3D printing is currently one of animation’s unsung heroes. Stratasys is now shining a spotlight on the technology by sponsoring an exhibition highlighting the role of the technology in LAIKA studios’ stop-motion animation films.
The exhibition, at the Portland Art Museum in Oregon, is a retrospective of LAIKA studios use of 3D printing in their animation films. These films include Coraline, ParaNorman, The Boxtrolls, and “Kubo and the Two Strings”.
The production company’s director of Rapid Prototyping, Brian McLean, won a Scientific and Engineering Oscar in 2016 for pioneering Rapid Prototyping in character animation.
3D printing and stop motion
LAIKA studios uses Stratasys Connex3 and Stratasys J750 full-color, multi-material 3D printers to continuously create, modify, and re-model functional prototypes and characters.
Rich Garrity, President of Americas at Stratasys was proud of the variety of industries in which the Stratasys’ machines were used, stating that “the studio capitalizes on 3D printing for unprecedented design freedom, streamlined development processes, and creation of the most unique, custom characters”.
“LAIKA’s advanced use of our 3D printing technology is not only breaking new barriers in film-making, but expanding what’s now possible across 3D printing in general to encourage use across a diverse range of businesses.”
Commenting on the importance of 3D printing in animation, Brian McLean said that “by harnessing the power of 3D printers, we are able to create emotions and subtle facial performances never before seen in stop-motion animation.”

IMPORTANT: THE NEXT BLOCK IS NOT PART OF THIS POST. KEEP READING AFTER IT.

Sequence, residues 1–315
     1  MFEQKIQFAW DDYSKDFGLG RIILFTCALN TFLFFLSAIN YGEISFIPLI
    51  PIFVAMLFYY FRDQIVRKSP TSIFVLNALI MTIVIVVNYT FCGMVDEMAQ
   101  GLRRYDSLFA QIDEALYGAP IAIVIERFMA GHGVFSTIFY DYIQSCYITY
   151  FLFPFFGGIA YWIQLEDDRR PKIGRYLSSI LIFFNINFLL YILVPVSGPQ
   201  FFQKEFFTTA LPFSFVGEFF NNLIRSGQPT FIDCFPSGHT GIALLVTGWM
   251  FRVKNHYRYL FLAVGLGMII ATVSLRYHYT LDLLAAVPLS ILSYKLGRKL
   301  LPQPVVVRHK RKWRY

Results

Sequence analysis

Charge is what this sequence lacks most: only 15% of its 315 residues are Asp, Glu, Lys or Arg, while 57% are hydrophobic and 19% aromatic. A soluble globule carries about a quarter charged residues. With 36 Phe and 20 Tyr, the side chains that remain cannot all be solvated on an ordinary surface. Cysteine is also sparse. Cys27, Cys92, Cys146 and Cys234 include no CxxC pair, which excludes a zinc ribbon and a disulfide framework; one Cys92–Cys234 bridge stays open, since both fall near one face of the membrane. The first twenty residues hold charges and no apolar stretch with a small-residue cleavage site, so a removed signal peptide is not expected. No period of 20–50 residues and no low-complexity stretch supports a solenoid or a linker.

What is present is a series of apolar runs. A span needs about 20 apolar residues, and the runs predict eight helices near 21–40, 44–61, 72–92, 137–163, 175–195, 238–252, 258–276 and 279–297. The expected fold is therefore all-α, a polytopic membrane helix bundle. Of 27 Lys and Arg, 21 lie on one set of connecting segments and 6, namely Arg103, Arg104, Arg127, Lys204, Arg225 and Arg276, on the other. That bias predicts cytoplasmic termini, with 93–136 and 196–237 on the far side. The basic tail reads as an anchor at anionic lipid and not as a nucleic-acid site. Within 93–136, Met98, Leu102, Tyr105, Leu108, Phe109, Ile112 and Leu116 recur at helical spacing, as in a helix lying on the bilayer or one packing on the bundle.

While the rapid turnover and level of detail of the Stratasys machines is significant, the most important tool for an animator is the ability to create a model in a single print with very little need for finishing in the form of painting, resin casting, sanding or re-assembly.
The many faces of stop motion
LAIKA’s latest film, Kubo and the Two Strings received an Oscar nomination for visual effects, many of which were prototyped using Stratasys 3D printers
3D printing has brought new animation capibilities to a number of a number of stop motion film makers. London-based DBLG is pioneering new visualisations of 3D animation, while Protocube has produced a specific workflow for multiple stop-motion animation face-sets.
Animating Life: The Art, Science and Wonder of LAIKA” runs at the October 14, 2017 – May 20, 2018
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Featured image shows a view inside the LAIKA studios with 3D printed animation prototypes. Photo via LAIKA studios.